In the middle of the portrait - nothing. No, an empty room. Daniele Buetti has cut out the face and inserted a mirror surface. If we stood in front of it, we would be reflected in it. "Do not talk to me", the faceless nature rules us. No, it's not about dialogue.
Not a verbal exchange between two persons, whose faces reflect the statements of the other person. Instead, we look at ourselves.
Let's face it, with what eagerness and excess today smartphones are drawn and selfies are snapped, we realize: We live in a thoroughly narcissistic age. Or, to use a term of the sociologist Andreas Reckwitz, in a time of "singularization" of all possible life decisions. We are driven by the constant need to make one's life as something special.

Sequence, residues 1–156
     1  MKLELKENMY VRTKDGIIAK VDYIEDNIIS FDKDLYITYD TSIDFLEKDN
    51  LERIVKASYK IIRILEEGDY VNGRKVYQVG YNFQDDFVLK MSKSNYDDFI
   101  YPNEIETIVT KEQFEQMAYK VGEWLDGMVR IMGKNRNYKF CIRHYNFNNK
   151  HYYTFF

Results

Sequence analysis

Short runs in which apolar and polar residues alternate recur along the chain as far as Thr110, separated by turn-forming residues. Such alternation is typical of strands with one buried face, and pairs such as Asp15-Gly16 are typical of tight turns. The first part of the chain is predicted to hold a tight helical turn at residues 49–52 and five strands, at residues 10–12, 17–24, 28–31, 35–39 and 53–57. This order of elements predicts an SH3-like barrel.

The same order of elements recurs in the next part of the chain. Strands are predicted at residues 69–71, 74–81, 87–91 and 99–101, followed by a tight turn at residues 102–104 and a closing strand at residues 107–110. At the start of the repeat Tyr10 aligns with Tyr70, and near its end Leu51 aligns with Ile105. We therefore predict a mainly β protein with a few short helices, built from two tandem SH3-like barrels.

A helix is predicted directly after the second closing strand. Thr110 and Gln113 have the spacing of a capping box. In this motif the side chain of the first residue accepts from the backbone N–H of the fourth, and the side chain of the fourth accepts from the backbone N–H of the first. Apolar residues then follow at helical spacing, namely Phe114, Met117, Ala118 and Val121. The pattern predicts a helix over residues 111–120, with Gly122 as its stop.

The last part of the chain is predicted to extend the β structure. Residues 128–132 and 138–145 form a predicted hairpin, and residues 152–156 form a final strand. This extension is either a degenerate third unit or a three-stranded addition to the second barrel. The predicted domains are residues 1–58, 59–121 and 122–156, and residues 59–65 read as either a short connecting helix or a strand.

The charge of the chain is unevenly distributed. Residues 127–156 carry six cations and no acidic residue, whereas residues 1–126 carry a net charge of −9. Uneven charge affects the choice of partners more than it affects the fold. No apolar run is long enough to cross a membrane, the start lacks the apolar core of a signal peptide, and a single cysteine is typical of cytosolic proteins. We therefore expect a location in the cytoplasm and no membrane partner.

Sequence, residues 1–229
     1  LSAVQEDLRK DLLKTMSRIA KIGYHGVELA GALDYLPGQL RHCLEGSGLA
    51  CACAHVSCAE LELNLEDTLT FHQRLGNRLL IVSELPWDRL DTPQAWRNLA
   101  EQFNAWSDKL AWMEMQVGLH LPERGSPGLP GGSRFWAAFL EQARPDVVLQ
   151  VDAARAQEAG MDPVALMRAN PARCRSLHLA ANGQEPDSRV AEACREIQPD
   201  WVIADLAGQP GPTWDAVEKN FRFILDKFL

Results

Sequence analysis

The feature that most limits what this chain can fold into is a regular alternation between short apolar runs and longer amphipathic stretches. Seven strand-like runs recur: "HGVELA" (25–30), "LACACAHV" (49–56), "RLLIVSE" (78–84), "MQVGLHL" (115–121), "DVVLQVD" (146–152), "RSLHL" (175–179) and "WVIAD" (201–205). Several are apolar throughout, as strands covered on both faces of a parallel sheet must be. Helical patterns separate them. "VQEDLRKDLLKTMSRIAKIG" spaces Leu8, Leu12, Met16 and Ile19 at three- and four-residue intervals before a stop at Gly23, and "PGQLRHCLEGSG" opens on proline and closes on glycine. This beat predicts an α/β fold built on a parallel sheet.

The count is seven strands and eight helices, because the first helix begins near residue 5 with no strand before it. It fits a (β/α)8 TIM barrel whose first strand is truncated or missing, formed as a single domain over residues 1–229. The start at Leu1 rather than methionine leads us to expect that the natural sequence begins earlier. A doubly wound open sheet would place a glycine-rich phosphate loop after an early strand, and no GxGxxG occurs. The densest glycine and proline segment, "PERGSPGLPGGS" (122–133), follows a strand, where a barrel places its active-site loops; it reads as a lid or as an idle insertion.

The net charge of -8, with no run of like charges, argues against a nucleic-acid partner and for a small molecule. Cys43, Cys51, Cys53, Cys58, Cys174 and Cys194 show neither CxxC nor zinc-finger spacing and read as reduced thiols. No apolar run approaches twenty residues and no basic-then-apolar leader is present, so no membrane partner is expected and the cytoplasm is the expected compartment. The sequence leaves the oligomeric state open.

All around we meet with outrageous self-centeredness, self-realization and self-marketing - and are themselves trapped in it. Uncounted times a day, we deliberately or unwillingly take a look into the mirror - at home, in the elevator, in front of reflecting facades or in the glasses of our counterpart. In the past, the mirrors were used for the mirrors, today they are no longer attached to anything improper or uncanny.
Are we all self-optimizers and narcissists? What distinguishes these? Buetti's faceless portraits raise a number of questions: they also allow us to think about sociological aspects as well as aesthetic and art-historical themes: were paintings over millennia holy pictures or windows that opened the view into another spiritual space, then what are pictures today? Mirror? And what do we see, if not our own